A reverend currently on placement in the King’s College London Chaplaincy is facing a Church of England investigation after using racial terms to condemn the commemoration of recently departed veteran Captain Sir Thomas Moore.
On Wednesday, February 3, Reverend Jarel Robinson-Brown posted a now-deleted tweet in which he voiced his refusal to partake in the co-ordinated nationwide clap organised to remember Sir Tom, on the grounds that “The cult of Captain Tom is a cult of White British Nationalism”.
In the same tweet, the reverend acknowledged Sir Tom’s “kind and generous soul” and said that he would be offering prayers for his repose. He later posted an apology, shortly before apparently deleting his Twitter account entirely. This was not enough to satisfy the thousands who have signed a change.org petition to have Robinson-Brown removed from his post in the Church.
The founder of the petition states: “This is extremely offensive and damaging not just to Sir Tom, who raised tens of millions for the NHS benefitting ALL races and creeds in the UK and served his country during the war, but an insult to millions of generous people in the UK who supported his cause”.
The KCL LGBT+ Society have a close working relationship with Robinson-Brown and issued a strongly-worded statement in his defence: “As a Black gay man, Jarel gives us hope that religious spaces can be open to all of us, no matter our background”. They also condemned the “disgusting attacks” Robinson-Brown has been subject to, asserting: “It cannot be denied that this abuse is overtly racist and homophobic in nature”.
Statement from KCL LGBT+ Society on Revd Jarel Robinson-Brown pic.twitter.com/lGjEaduvZ7
— KCL LGBT+ (@KCLGBT) February 4, 2021
A 2nd Year King’s student who identifies as both homosexual and as a person of colour also denied that there was truth in Robinson-Brown’s tweet: “I’m not a massive fan of ‘activists’ and I certainly don’t think clapping for Captain Tom was part of a ‘white British nationalist cult'”.
In responding to such polarised opinion, the Diocese of London called for a review and highlighted their social media guidelines, which they say are built on “truth, kindness and sensitivity to others”.
A Statement from the Diocese of London pic.twitter.com/VzaJXKnWQS
— London Diocese (@dioceseoflondon) February 4, 2021
In response to internal complainants from within King’s, the Office of the Dean said: “We will support the Diocese of London on a review that is now underway in relation to the comments made, led by the Archdeacon of London. We understand that many will consider the tweet as unacceptable, insensitive and ill-judged, and Jarel immediately removed it and has subsequently publicly apologised.”
In trying to assess its inherent offensiveness, an international KCL student discussed the matter with a friend, who also identifies as gay and BIPOC: “My friend and I arrived at a very similar conclusion. It’s unclear whether it’s the rise in identity politics or collective trauma that’s causing some to associate certain people with buzzwords such as ‘white British nationalism’. Either way, the comment was absolutely inappropriate and uncalled for, especially from a figure of religious authority who has the moral responsibility to choose his words wisely. There is nothing holy about politicising death, period.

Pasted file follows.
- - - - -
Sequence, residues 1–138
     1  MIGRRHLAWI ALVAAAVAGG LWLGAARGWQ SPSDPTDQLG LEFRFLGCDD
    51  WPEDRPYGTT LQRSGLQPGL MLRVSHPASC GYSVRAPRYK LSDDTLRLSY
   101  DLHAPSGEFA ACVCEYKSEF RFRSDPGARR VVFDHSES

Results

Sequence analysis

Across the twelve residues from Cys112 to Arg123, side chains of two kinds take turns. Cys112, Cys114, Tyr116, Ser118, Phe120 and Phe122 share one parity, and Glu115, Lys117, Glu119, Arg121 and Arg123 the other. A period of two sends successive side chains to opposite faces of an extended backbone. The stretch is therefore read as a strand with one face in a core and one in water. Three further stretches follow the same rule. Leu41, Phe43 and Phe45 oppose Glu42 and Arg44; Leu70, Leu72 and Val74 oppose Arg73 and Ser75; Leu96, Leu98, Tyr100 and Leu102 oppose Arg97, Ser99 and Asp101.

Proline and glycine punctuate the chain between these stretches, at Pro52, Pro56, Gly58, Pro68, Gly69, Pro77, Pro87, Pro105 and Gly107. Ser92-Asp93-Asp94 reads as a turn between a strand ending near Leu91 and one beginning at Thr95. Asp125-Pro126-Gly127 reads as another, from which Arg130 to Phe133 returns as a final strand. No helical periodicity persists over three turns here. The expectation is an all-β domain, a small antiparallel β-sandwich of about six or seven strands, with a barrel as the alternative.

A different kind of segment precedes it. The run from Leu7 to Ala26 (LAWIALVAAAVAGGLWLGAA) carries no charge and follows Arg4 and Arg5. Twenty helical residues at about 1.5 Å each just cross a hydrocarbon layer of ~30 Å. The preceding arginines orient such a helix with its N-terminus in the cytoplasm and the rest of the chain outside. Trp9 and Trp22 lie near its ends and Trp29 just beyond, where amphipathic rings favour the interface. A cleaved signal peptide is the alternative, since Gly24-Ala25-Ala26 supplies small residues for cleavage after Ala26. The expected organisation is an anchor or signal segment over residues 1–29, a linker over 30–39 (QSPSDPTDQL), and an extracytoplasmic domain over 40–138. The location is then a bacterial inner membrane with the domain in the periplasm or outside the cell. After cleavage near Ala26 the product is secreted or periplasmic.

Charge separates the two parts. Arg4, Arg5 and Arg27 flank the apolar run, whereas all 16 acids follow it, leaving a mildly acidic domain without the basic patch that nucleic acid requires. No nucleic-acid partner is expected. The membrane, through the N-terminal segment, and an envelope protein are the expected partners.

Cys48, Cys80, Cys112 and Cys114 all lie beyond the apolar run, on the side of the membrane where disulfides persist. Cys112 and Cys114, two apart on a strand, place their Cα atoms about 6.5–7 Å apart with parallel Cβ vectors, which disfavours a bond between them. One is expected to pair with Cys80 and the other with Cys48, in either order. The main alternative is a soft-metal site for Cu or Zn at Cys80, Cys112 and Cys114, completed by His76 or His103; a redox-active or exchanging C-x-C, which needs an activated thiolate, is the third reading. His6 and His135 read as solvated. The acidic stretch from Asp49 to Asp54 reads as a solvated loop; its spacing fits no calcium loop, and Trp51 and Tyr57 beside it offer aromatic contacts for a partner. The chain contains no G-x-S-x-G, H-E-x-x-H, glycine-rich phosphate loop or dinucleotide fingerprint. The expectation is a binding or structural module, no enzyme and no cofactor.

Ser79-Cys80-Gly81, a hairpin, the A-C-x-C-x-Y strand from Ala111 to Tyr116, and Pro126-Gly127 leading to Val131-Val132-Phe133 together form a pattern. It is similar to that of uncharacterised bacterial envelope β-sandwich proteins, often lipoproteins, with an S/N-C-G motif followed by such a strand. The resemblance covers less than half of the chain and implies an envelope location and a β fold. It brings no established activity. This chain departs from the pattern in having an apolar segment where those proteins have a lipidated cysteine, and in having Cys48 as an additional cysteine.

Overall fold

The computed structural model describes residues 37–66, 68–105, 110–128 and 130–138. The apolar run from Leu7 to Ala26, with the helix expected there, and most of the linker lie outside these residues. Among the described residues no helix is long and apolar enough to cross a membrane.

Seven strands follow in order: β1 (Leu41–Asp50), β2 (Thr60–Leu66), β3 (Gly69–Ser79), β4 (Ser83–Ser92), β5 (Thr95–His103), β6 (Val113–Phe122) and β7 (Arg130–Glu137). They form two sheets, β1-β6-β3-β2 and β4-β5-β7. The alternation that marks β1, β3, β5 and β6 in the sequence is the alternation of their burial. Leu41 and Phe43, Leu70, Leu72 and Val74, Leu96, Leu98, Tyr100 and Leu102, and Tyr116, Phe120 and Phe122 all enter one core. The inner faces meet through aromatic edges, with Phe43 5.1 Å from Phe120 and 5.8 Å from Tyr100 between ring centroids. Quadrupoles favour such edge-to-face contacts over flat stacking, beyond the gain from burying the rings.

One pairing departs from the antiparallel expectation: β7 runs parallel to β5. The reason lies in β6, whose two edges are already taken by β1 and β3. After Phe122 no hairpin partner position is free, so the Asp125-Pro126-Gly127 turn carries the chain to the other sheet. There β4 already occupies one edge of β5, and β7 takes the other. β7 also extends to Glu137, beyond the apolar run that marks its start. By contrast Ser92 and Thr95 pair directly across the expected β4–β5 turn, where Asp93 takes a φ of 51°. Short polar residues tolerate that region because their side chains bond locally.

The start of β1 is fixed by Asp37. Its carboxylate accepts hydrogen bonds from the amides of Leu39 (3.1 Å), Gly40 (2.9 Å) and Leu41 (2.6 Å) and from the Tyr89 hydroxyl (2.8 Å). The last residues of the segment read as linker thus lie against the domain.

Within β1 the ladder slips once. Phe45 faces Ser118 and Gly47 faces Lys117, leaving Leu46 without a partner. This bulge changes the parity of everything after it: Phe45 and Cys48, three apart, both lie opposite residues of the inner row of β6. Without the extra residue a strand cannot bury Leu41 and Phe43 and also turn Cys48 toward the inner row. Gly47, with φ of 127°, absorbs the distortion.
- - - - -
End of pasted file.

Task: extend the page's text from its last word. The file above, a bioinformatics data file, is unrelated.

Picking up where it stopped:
“As far as his apology is concerned, PR or not it was a thoughtful move. As far as the reverend being removed by the Church of England – it depends on who’s funding it. A privately funded organisation has the right to not be affiliated with people it doesn’t want. However, in the case of public/tax funding, it is slightly worrying that he is being removed as it only perpetuates cancel culture and partisan thinking. His first comment may have been out of line but it wasn’t openly hateful”.
The vast majority of the Church of England’s funding comes from an £8.7 billion endowment, generating approximately £1 billion in annual income. This is followed by annual donations, which amounted to £329 million in 2016. Since 2012, the Church has received £42 million per annum as part of the Listed Places To Worship Grant Scheme but receives no other funding from the government.
The current controversy comes during a period of rapid transition for Robinson-Brown. Previously a minister in the Wales Synod of the Methodist Church, he underwent a conversion to Anglo-Catholicism whilst in Walsingham in 2019 and entered the Church of England the following year. Only a month ago, he was appointed to a prominent role within the parish of All Hallows’-by-the-Tower by Sarah Mullally, Bishop of London. All Hallows’ is the oldest church in the City, founded 300 years before the Tower of London.
The current Covid-era was also a time of rapid ascent for Captain Sir Thomas Moore, known with affection throughout the world as Captain Tom. He rose to fame during the early days of the pandemic by walking lengths of his garden with the aid of his zimmer frame and raising over £32 million for NHS Charities Together in the process (exceeding his 100th birthday target of £1000 by a factor of 32000).